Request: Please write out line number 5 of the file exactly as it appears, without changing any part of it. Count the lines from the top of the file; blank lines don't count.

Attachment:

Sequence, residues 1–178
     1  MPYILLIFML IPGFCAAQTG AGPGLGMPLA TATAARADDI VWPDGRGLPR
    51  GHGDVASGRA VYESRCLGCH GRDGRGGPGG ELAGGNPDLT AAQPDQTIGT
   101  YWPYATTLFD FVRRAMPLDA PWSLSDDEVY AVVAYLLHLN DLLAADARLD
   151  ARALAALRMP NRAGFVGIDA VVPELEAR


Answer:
   151  ARALAALRMP NRAGFVGIDA VVPELEAR